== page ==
Now people may defend her and say she's not good with computers, ok.

 

But if i'm talking to someone over the phone to trouble shoot my car, and they say "pull out the stereo and wiggle the green wire", if they tell me to do this 6 times and on the 7th time just say "Wigggle the green wire again" i'm gonna know where the **** it's at.



#24 fusi0n

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Posted 31 July 2013 - 19:25

If you in End User Support, then yes..

 

It seems that most people think that since someones job uses a computer, they just know how to use it..

 

While this is true to a degree, it is the job of End User support to help and babysit them.. That is what End User Support is.. To support the end user.. 

 

Don't get the attitude that something isn't your job.. Just be nice and friendly and spread your knowledge with a smile on your face.. it will only help you in the long run. 

 

I am not in End User Support anymore, but when I was, I always would go the extra mile and make sure the end user felt comfortable with what they are doing. Even if it is something as emailing a document or saving something to a network drive..

 

Do not let anything become beanthe you.  That will hurt you.. 

 

PS: "You" isn't talking to the OP, but just in general how I think End User Support should be. 

 

To sit back and laugh be like "they don't even know how to do.." and act like you are better.. take a few deep breaths and be friendly..



#25 AnotherITguy

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Posted 31 July 2013 - 20:35

I like the scotty technique, tell em this will take a long ass time, and do it in record time, makes one look like a hero



#26 majortom1981

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Posted 31 July 2013 - 20:40

Wait, so are you saying to teach them or not? 

yes . Everything. as an IT guy you have to realize that at any point you can be laid off or fired and have a 3rd party company be called in that will do your job. you have to know how to keep your users happy or you will not have a job to care about.



#27 +techbeck

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Posted 31 July 2013 - 20:51

yes . Everything. as an IT guy you have to realize that at any point you can be laid off or fired and have a 3rd party company be called in that will do your job. you have to know how to keep your users happy or you will not have a job to care about.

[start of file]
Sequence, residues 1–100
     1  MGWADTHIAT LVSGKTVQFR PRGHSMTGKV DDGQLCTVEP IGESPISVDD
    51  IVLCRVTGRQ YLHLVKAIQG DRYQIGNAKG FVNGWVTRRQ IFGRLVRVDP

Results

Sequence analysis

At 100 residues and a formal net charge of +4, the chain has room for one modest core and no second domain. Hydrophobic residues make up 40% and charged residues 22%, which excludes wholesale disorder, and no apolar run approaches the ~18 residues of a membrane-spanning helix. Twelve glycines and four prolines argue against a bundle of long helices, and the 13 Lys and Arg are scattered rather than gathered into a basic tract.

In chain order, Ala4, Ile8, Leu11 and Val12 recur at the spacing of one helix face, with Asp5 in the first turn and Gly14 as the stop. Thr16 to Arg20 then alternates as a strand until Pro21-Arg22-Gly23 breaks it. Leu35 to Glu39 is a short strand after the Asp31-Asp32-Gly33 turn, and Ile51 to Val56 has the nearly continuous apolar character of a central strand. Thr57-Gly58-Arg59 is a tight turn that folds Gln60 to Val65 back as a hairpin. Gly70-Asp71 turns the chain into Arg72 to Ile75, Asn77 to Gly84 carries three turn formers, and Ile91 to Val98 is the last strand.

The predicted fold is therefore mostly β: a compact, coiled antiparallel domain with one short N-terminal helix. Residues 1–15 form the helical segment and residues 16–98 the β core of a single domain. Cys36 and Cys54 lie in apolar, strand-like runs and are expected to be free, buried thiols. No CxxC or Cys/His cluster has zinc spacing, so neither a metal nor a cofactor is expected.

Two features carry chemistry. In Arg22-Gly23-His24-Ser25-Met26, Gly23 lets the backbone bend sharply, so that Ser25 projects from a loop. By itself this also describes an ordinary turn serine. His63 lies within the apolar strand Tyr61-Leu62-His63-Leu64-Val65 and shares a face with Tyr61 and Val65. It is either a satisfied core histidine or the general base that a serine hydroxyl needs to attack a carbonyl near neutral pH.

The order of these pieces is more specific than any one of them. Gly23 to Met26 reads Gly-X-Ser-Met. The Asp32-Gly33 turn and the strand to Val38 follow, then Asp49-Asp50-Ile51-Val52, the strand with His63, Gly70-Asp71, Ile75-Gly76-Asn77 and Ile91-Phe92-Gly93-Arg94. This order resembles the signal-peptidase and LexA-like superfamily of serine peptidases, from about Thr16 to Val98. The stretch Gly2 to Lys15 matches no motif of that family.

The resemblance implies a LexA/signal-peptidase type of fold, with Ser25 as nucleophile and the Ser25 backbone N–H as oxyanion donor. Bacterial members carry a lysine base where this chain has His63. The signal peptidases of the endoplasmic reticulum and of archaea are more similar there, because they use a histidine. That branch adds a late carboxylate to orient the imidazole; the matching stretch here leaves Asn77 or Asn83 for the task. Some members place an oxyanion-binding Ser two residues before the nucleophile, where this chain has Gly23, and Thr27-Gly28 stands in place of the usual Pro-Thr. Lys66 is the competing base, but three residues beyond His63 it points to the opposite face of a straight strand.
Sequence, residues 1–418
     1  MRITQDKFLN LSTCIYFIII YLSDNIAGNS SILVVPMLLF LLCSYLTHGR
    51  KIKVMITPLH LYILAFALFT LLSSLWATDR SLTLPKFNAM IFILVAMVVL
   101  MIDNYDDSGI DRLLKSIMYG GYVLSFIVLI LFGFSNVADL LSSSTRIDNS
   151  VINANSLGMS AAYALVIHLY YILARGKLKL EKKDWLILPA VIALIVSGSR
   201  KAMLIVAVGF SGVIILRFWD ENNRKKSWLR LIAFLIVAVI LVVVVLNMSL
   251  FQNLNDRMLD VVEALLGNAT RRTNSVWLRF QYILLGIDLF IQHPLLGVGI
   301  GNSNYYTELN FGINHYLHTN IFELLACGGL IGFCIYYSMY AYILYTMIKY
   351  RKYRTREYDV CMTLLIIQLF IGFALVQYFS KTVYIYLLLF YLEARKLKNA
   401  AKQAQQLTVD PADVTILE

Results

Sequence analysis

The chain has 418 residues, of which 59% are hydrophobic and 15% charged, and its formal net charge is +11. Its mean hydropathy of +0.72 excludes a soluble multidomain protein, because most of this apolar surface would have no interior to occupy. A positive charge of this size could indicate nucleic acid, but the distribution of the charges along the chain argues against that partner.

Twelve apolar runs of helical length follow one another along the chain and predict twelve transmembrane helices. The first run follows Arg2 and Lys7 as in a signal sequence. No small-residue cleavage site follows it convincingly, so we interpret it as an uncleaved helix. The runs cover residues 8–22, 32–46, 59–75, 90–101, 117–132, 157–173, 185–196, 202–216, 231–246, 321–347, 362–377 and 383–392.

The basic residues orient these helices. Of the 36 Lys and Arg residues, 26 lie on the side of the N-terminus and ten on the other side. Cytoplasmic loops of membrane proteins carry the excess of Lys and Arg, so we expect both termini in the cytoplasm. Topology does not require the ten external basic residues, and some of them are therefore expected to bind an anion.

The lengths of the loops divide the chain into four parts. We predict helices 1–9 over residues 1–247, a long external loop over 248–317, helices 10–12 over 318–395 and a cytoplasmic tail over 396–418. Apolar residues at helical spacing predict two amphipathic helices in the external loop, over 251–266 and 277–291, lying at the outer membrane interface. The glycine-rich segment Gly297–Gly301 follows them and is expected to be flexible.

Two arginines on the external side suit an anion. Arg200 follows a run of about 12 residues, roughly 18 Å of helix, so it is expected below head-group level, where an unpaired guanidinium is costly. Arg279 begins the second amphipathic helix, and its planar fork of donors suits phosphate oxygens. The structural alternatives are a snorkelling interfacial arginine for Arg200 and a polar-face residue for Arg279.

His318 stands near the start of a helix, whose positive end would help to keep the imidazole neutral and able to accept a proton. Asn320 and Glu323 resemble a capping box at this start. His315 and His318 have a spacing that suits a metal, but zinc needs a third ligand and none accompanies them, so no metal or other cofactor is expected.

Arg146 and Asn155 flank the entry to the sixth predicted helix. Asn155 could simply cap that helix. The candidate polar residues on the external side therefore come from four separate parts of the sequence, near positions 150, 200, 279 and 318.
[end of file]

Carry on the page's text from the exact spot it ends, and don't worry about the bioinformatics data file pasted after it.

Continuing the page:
Only people I am worried about keeping happy are my bosses and the VPs/Directors in the company.  I dont really do not care if the average user is upset at me.  Some users will go off at practically any little thing.  Cannot make everyone happy.  I do a good job and my bosses know.  Thats all that matters. I also keep myself busy.  Always something to do in IT and if you are bored and have nothing to do, you are not thinking hard enough.



#28 Rohdekill

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Posted 31 July 2013 - 20:53

I say it depends on your job description.  Some places, IT trains the user on nothing.  Other places, it is part of the job.  



#29 Growled

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Posted 31 July 2013 - 20:57

I will do whatever the employer wants me to do as long as they continue paying me well. I will even wipe the users butts if necessary. 



#30 majortom1981

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Posted 31 July 2013 - 20:59

Only people I am worried about keeping happy are my bosses and the VPs/Directors in the company.  I dont really do not care if the average user is upset at me.  Some users will go off at practically any little thing.  Cannot make everyone happy.  I do a good job and my bosses know.  Thats all that matters. I also keep myself busy.  Always something to do in IT and if you are bored and have nothing to do, you are not thinking hard enough.

 

keep in mind it only takes one loud employee for your bosses to change how they feel about you. what you think is keeping busy might not be what they think keeping busy is. taking care of the servers in the comp room might be busy but some bosses might only think being busy has to be on the floor.